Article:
On the occasion of Lunar New Year, which is also known as Tet Holiday, the issue of Tet bonuses and the 13th-month salary is often discussed in society. Currently, there is no specific regulation or rule that obliges businesses to give Tet bonuses to employees. Whether or not to give Tet bonuses depends on the discretion of the business.
When viewed from a legal standpoint, specifically according to the regulations of the Labor Code in Vietnam, there is no laws that obligate the employer to give end-of-year bonus or Tet bonus to employees.
Tet bonuses are not at all considered as a form of bonus stipulated within the legal framework of labor laws in Vietnam. Therefore, striking to demand Tet bonuses or an increase in Tet bonuses compared to the previous year is entirely incorrect and lacks legal basis.
Tet bonuses are intended as an incentive for employees after a year of dedication and hard work, encouraging them to continue working for the employer in the following year. The amount of this bonus largely depends on the business and production situation of the company in the past year.
If a company faced financial difficulties or losses due to external factors such as the Covid-19 pandemic or the slow recovery rates of the economy, it is evident that the company may not have the financial capacity to provide Tet bonuses to its employees.
Many businesses during the Tet holidays did not provide Tet bonuses. Even when Tet bonuses are given, most Vietnamese businesses, unaffected by the pandemic, typically award an amount equivalent to one month’s salary.
In comparison to other countries’ end-of-year reward, a one-month salary is considered high. However, due to the nature that this reward has been given yearly with little to no exception, it has become a mandatory aspect of Lunar New Year that employees expect to receive from their employer.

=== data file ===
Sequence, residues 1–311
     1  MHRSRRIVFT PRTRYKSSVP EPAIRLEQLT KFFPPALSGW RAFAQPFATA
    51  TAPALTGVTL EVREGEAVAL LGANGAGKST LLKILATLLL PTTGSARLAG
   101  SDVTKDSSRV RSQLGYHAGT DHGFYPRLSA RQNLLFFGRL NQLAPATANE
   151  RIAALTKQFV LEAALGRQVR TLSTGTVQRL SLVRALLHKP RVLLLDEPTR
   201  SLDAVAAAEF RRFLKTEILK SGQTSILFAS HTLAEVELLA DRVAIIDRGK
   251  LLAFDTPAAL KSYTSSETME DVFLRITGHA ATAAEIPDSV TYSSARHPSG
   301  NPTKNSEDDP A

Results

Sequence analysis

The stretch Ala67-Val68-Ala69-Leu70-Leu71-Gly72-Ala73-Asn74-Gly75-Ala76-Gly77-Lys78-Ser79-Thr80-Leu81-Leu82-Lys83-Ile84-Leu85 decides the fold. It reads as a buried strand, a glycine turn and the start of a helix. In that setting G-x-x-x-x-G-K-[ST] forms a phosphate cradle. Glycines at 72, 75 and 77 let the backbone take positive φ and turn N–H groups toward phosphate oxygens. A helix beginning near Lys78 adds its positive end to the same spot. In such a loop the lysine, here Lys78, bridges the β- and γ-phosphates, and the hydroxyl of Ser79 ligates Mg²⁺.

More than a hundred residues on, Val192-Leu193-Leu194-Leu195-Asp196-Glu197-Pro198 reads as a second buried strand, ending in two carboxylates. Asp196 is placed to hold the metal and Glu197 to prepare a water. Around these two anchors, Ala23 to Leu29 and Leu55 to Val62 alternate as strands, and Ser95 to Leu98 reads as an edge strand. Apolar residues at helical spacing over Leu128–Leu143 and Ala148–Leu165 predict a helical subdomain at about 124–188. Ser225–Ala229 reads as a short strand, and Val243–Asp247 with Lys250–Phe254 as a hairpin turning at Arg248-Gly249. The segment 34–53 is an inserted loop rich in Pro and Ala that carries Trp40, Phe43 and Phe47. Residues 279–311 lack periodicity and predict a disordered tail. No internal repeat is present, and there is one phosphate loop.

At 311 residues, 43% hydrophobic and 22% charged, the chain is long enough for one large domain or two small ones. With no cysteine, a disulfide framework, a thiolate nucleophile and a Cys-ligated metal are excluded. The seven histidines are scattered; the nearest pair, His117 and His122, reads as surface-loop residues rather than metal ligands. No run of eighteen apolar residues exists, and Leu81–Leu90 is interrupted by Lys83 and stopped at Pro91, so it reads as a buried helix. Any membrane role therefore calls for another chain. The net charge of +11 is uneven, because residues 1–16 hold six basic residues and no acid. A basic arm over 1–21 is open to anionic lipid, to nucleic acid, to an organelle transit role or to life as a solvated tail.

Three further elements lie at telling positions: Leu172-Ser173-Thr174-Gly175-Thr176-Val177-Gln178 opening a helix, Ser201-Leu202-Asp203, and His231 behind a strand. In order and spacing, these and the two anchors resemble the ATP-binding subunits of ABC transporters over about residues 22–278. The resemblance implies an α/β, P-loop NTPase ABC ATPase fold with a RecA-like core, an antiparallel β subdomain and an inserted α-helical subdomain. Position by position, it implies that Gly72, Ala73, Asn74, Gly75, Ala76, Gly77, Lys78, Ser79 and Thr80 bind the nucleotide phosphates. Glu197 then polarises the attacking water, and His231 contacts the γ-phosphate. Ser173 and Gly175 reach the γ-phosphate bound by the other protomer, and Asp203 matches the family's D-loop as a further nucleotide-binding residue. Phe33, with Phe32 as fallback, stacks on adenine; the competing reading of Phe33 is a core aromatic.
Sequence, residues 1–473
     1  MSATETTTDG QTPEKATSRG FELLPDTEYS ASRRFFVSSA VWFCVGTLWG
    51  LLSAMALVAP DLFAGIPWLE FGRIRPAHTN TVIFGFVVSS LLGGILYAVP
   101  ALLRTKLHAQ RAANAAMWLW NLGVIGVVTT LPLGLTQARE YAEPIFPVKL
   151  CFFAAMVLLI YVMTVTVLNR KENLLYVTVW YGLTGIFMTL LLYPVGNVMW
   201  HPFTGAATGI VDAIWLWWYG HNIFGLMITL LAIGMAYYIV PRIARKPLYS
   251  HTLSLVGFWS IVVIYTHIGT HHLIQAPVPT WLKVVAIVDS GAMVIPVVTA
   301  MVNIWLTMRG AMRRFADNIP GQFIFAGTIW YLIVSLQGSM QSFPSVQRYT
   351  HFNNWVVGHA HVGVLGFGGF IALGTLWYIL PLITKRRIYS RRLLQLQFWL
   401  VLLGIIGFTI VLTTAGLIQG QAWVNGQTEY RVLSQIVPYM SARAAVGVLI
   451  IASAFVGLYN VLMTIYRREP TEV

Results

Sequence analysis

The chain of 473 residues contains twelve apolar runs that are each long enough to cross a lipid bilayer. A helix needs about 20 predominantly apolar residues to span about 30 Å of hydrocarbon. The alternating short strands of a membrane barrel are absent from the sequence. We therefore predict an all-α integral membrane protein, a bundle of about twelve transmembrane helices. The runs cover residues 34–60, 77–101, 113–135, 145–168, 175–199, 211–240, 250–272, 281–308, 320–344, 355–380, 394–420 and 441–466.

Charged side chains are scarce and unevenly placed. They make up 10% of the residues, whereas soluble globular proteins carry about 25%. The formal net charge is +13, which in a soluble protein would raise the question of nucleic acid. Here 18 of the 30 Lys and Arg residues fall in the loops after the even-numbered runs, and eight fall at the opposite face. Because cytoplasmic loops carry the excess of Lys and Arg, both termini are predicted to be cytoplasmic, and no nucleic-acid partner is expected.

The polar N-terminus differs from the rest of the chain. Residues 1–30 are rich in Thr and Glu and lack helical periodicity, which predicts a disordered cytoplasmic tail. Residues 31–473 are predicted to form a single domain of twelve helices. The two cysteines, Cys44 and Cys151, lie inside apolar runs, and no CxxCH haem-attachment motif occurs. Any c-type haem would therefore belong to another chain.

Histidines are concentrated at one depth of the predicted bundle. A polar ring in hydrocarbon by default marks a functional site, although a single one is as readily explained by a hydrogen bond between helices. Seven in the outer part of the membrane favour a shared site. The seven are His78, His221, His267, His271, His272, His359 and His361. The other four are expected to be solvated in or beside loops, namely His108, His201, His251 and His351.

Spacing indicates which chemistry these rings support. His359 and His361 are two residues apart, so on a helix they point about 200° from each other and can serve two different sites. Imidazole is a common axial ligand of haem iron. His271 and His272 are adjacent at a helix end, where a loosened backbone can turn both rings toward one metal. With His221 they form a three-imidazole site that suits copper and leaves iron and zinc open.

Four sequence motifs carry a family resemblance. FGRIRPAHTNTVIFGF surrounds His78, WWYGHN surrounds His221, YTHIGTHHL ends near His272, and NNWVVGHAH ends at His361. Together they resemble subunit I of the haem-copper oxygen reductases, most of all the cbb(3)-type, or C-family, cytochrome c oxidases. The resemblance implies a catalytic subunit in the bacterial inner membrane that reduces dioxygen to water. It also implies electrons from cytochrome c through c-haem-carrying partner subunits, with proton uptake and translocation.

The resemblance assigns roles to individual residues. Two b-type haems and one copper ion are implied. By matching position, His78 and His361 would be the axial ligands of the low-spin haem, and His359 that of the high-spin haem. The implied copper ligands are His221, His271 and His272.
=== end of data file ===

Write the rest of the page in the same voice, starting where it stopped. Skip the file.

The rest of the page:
This leads to the consequence that if they don’t receive the bonus as expect, they may react harsh, even with violence or illegal strike which damages both the employees’ benefits and the employer’s revenue.
In contrary to other countries, this situation might not be fixed as the concept of Tet bonuses has well been established to every laborers, similar to the problem of lump-sum social insurance whereas the employees will overreact, even threaten the officials, if they are banned from withdrawal from the social insurance fund.
Therefore, even if the employers are experiencing a bad year with potential losses, it’s best that they can gather up a small amount of bonuses or rewards for their employees, in recognition of their hard work over the year. The bonus may not be as much as the yearly bonus from when the company conducts good business operation, but it will ease the burden and anticipation of the employees, assuring that they can align their rights and benefits with that of the employer in the coming year.
From the employees’ side, they should not push the panic button if the employer can’t come up with a bonus when their business has been falling apart since the start of the year. Instead, they should empathize with the employer and accept the rewards which might not be as high as in the previous years. Some Vietnamese companies now offer their products as part of the Tet bonuses.